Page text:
This article is part of the Key Bible Verses series.
Blessed Are Those Who Are Persecuted
Jesus himself was mocked and beaten. He suffered and died on behalf of sinners and calls blessed those that follow in his steps for his name’s sake. Be encouraged how God sustains sufferers and brings glory to himself through his persecuted ones with passages and commentary from the ESV Study Bible.
2 Timothy 3:11–12
my persecutions and sufferings that happened to me at Antioch, at Iconium, and at Lystra—which persecutions I endured; yet from them all the Lord rescued me. Indeed, all who desire to live a godly life in Jesus Christ will be persecuted . . . .
Antioch, Iconium, and Lystra are cities Paul visited on his first missionary journey (Acts 13–14), prior to Timothy joining him during his second journey (Acts 16:1). Since Lystra was Timothy’s hometown (Acts 16:1–2), he was probably aware of what happened to Paul on this first journey. Thus Timothy would have known from his earliest awareness of Paul that suffering had been a central part of Paul’s work. “From them all the Lord rescued me” does not mean that God kept Paul from experiencing any harm in these instances, for in Lystra he was stoned and left for dead (Acts 14:19–20), and it is possible that Timothy even witnessed this. Instead, Paul is probably referring both to the fact that the Lord preserved him from death so that he could continue preaching, and to the Lord’s work in Paul’s heart to keep him faithful even in suffering. See 2 Timothy 4:18.
Suffering is an expected element in Christian living (see 2 Tim. 2:3; see also John 15:18–21; 16:33). The actual “persecution” may be less when there has been more Christian influence on the laws and cultural values of a society, but the unbelieving world will always remain deeply hostile to the gospel.
If you were of the world, the world would love you as its own; but because you are not of the world, but I chose you out of the world, therefore the world hates you. Remember the word that I said to you: ‘A servant is not greater than his master.’ If they persecuted me, they will also persecute you. If they keep my word, they will also keep yours.
Christians should not be surprised that unbelievers in the world hate them. It follows a pattern seen in the world since Cain murdered Abel (see Gen. 4:8; Heb. 11:4; 1 John 3:12), and it is seen in the world’s reactions to Christ himself (see John 15:18).
Blessed are those who are persecuted for righteousness’ sake, for theirs is the kingdom of heaven.
Blessed are you when others revile you and persecute you and utter all kinds of evil against you falsely on my account. Rejoice and be glad, for your reward is great in heaven, for so they persecuted the prophets who were before you.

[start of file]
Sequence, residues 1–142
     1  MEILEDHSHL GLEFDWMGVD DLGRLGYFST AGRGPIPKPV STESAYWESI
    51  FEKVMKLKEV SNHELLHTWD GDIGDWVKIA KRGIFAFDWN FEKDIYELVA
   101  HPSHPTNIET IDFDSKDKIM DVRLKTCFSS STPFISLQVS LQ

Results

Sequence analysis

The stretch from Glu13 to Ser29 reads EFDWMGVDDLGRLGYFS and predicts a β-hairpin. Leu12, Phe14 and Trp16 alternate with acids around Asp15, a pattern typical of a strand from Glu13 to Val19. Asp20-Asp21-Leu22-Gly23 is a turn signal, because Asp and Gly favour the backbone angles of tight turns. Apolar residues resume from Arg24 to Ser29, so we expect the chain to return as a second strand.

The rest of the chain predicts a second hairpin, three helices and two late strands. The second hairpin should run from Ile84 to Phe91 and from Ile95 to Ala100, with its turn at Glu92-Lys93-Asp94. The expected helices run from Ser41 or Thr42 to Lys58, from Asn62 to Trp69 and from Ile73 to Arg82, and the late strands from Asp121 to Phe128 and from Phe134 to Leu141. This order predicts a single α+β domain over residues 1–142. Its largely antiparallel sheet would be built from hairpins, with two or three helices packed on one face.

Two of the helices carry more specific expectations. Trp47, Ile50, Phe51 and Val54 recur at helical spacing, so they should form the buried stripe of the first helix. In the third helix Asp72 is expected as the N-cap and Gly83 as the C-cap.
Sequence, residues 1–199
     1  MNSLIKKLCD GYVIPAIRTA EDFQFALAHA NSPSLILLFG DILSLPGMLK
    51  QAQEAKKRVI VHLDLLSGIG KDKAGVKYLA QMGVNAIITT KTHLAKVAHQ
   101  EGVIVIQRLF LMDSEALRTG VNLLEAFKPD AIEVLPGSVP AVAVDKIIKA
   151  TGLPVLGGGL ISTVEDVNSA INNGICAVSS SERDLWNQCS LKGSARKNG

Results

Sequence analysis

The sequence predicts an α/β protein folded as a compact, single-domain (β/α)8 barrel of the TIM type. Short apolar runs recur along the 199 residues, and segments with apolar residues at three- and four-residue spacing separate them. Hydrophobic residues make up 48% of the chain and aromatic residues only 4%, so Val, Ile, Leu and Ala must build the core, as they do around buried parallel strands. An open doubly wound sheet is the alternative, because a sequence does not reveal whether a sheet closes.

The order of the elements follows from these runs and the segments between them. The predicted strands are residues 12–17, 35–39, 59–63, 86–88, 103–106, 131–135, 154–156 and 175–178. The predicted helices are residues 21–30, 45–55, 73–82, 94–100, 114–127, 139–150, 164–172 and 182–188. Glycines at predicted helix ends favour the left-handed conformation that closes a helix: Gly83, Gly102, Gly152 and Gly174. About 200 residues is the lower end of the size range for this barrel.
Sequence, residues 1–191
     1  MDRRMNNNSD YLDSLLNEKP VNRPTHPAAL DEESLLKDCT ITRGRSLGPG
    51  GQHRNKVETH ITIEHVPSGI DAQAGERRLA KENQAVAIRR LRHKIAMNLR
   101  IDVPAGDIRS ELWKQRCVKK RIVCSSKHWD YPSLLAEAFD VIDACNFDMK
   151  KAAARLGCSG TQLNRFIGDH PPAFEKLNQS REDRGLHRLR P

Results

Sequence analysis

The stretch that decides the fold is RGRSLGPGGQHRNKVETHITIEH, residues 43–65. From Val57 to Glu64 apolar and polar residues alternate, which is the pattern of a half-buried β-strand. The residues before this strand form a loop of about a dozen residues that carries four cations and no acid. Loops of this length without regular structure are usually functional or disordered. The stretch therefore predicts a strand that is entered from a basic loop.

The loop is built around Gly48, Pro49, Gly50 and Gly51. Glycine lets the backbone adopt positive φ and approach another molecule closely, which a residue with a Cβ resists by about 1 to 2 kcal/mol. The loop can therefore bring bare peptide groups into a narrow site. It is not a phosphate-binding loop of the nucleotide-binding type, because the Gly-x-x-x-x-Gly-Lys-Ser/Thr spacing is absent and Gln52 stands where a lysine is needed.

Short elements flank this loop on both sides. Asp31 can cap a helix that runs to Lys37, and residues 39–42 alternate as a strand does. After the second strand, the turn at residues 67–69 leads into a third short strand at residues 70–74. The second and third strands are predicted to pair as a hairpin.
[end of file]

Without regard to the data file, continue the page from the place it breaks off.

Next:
Those who are persecuted are those who have been wrongly treated because of their faith. God is pleased when his people show that they value him above everything in the world, for this happens when they courageously remain faithful amid opposition for righteousness’ sake.
Just as Jesus experienced opposition and persecution, his disciples can expect the same. Their reward may not come on earth, but it surely will be theirs in heaven. Throughout history, beginning with Cain’s murder of Abel (Gen. 4:8; cf. 1 John 3:12), there have been those who oppose God’s people.
Jesus said, “Truly, I say to you, there is no one who has left house or brothers or sisters or mother or father or children or lands, for my sake and for the gospel, who will not receive a hundredfold now in this time, houses and brothers and sisters and mothers and children and lands, with persecutions, and in the age to come eternal life.”
The person who leaves house, lands, and family for Jesus’ sake (cf. Mark 8:35, 38; Matt. 5:11; Luke 12:8-9; 18:29) and for the gospel can expect in this life (now in this time) to enjoy fellowship with other believers and to find a welcome in the houses and lands of other believers. But in this life these blessings will also be mixed with persecutions (cf. Mark 8:34-38). The future will yield an even better reward: eternal life. By answering in this way, Jesus assures the disciples that they have answered the call and are blessed.
Do not fear what you are about to suffer. Behold, the devil is about to throw some of you into prison, that you may be tested, and for ten days you will have tribulation. Be faithful unto death, and I will give you the crown of life. He who has an ear, let him hear what the Spirit says to the churches. The one who conquers will not be hurt by the second death.